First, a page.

Mark Renz, Associate Professor and Extension Specialist, University of Wisconsin
This summer is shaping up to be a great year for volunteer wheat in our late summer seeded alfalfa stands. This “weed” often raises questions about whether it should be managed or not in alfalfa stands. It can provide valuable forage the following spring (1-2 tons DM/A) but its forage quality is less than alfalfa and dense infestations reduce alfalfa survival. To better understand these issues and what the impacts of successful control would be we established experiments at three locations throughout Wisconsin. Results are summarized in this factsheet. Key points are below. Based on results we recommend maintaining volunteer wheat biomass so that it is < 35% of the total forage the following spring. This will minimize the impact to alfalfa stand density while providing high yields the following spring. To attain this level of control we recommend applying an herbicide that will provide at least 70% control of volunteer wheat in the fall.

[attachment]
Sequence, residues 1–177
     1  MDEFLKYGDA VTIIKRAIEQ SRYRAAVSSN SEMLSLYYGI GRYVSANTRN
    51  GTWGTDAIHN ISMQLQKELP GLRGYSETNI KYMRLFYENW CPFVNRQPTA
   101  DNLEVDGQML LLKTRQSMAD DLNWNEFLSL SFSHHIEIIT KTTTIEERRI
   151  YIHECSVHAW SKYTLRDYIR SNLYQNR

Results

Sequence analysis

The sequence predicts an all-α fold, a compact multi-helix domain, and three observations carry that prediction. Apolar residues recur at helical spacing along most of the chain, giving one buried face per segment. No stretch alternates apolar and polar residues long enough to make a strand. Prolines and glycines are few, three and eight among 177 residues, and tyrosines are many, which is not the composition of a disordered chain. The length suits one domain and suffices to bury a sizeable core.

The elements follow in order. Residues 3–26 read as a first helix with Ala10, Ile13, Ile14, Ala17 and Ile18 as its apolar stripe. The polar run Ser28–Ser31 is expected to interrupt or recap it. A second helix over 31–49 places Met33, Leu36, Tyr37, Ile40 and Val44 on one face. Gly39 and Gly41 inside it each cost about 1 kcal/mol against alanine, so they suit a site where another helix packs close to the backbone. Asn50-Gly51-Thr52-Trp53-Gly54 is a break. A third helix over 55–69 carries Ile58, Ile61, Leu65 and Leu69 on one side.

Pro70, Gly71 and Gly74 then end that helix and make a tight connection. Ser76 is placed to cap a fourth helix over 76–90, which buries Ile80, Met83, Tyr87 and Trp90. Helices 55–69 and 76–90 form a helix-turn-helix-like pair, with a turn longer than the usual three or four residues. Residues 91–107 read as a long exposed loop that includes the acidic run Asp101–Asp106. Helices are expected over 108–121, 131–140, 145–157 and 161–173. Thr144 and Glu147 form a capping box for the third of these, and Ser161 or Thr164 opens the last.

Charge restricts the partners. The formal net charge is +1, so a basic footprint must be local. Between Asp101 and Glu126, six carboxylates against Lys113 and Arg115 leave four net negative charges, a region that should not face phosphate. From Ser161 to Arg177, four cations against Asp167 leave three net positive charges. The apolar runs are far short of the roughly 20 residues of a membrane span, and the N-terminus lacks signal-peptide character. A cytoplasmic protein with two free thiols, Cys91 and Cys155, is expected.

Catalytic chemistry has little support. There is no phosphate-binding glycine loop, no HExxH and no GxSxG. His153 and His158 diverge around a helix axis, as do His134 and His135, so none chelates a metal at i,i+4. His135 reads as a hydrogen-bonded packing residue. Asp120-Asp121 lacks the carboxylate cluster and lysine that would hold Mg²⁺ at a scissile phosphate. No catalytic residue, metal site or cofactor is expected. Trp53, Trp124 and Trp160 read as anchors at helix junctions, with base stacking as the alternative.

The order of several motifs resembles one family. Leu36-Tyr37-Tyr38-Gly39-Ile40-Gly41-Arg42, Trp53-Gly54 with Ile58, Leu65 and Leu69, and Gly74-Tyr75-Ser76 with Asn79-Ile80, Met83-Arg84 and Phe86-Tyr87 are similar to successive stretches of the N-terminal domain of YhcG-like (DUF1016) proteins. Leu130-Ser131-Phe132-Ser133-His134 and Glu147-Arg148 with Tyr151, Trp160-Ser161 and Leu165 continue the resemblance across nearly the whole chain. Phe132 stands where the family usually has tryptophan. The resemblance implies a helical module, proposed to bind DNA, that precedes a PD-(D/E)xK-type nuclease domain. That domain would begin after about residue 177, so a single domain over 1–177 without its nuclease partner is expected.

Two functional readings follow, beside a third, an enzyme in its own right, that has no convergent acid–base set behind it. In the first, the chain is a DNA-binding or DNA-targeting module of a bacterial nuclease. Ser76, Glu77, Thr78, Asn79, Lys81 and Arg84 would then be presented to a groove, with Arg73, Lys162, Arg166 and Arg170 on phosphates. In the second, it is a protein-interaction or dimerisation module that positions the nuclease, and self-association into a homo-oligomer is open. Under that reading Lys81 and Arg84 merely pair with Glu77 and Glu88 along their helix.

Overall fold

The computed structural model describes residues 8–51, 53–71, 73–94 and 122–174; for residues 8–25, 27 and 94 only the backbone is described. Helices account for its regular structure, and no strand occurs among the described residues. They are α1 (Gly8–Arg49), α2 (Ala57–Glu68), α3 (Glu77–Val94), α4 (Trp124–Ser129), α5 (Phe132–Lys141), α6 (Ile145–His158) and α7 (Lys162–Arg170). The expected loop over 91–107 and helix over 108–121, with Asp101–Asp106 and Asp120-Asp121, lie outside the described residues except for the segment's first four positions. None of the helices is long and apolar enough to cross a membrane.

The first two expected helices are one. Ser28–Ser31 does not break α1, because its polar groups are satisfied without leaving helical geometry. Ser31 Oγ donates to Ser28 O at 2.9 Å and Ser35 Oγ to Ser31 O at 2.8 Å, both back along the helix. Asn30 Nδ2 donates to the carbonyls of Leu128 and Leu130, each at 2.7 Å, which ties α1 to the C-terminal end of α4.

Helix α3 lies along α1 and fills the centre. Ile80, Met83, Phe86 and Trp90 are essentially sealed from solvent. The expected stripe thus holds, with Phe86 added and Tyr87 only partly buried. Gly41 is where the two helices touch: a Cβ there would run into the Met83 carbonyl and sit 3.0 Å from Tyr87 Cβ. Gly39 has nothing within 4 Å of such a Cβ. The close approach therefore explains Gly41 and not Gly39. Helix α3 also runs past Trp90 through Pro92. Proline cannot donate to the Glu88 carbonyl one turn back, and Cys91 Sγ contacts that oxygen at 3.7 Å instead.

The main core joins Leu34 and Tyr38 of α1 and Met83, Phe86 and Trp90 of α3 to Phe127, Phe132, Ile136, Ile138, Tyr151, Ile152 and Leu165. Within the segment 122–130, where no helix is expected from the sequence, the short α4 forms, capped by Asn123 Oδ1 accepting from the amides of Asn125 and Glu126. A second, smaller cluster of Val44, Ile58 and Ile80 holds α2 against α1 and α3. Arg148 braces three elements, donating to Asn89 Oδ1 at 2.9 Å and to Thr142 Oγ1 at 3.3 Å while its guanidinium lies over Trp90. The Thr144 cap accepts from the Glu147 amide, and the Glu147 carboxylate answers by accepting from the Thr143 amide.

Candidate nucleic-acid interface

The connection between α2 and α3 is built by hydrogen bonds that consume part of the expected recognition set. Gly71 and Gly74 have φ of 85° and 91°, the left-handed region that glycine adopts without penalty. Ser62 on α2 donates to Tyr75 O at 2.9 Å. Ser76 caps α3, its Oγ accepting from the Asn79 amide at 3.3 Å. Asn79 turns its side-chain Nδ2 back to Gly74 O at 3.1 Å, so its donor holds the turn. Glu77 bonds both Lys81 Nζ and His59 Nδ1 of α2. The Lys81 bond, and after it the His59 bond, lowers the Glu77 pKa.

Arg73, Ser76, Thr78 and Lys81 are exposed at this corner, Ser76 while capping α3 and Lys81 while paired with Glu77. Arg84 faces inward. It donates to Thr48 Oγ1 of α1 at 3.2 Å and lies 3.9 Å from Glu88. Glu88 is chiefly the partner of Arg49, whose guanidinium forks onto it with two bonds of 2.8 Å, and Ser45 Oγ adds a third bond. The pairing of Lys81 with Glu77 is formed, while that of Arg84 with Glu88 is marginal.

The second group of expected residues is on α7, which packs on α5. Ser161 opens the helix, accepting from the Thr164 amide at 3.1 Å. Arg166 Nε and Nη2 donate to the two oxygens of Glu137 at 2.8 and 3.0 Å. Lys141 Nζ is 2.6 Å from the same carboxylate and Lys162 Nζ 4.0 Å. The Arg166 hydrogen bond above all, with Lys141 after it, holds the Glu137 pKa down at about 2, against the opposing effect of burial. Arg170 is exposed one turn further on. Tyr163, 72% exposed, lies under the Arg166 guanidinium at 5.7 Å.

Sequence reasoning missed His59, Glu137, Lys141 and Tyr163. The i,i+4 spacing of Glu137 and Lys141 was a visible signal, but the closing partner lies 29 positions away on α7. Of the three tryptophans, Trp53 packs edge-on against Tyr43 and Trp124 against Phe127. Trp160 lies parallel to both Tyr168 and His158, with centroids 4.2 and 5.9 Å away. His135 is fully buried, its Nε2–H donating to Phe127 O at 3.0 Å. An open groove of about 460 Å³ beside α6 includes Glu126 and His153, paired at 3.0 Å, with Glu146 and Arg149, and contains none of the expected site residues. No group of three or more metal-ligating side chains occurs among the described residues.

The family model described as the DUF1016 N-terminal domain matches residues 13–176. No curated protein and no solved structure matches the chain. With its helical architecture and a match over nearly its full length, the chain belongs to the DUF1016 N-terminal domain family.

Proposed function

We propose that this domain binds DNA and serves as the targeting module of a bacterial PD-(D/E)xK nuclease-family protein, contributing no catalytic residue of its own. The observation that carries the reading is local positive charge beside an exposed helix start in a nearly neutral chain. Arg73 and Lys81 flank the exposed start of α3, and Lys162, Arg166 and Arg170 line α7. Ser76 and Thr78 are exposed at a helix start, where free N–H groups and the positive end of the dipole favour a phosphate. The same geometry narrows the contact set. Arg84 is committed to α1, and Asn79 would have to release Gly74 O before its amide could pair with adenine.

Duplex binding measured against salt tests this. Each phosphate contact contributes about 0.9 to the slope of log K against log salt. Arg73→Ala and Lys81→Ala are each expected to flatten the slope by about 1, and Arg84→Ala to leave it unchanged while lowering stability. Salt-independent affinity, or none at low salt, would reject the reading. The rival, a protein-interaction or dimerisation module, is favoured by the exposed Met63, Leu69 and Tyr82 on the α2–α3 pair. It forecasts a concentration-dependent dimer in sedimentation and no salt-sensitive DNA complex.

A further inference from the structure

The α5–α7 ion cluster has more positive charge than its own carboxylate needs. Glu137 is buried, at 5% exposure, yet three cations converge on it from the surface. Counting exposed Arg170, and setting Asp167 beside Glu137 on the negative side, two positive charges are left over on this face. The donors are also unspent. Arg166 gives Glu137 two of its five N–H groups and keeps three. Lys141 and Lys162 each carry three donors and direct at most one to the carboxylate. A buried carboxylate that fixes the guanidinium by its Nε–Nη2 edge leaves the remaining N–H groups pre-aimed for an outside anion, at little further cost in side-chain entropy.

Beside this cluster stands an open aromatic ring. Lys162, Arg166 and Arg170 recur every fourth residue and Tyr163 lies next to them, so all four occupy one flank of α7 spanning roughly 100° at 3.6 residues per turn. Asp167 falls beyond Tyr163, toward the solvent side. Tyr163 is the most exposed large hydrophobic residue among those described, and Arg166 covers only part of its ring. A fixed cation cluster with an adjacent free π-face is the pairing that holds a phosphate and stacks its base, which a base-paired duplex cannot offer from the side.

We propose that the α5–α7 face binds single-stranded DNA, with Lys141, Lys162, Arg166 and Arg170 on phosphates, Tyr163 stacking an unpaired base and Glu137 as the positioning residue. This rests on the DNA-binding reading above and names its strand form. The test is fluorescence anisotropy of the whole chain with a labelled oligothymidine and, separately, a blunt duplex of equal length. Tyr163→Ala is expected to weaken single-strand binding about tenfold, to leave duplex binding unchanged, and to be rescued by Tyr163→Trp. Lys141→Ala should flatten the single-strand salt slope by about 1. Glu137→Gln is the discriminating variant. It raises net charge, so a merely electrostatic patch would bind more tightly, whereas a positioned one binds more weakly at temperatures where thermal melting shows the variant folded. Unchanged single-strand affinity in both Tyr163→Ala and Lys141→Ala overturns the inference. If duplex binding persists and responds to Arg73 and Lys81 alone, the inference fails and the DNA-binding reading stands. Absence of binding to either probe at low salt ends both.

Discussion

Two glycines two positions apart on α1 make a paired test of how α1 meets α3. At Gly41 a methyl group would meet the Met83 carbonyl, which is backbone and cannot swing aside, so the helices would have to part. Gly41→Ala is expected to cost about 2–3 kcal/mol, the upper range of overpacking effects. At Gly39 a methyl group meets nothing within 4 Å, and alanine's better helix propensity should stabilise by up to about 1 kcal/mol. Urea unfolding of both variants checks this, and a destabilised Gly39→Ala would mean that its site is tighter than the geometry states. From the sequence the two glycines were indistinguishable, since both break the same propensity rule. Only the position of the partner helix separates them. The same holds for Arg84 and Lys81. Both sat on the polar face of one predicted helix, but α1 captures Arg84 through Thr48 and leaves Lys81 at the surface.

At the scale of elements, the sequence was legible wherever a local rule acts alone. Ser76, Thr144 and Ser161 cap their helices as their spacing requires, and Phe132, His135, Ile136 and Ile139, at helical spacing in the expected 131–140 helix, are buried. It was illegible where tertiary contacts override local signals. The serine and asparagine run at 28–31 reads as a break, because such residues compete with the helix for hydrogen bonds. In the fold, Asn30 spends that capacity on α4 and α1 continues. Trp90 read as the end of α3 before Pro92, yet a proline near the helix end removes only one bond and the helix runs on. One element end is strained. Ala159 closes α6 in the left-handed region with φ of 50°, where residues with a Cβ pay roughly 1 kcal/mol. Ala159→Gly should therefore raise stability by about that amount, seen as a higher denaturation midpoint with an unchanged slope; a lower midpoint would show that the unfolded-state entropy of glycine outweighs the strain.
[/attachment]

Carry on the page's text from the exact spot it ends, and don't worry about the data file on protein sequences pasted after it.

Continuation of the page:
- Glyphosate and sethoxydim applied when volunteer wheat is 4-6 inches tall provided high levels of control that persisted through spring resulting in near pure stands of alfalfa.
- Controlling volunteer wheat protected alfalfa stem density, with applications to 4-6” tall wheat providing 22% higher stem density than later timings (6-12” tall).
- Yield the following spring was highest in treatments with low volunteer wheat control but wheat was between 47 and 85% of the forage biomass.
- Forage quality was reduced in treatments that had substantial amounts of wheat in the forage (> 35%) resulting in approximately a 5% reduction in Milk/ton of forage.
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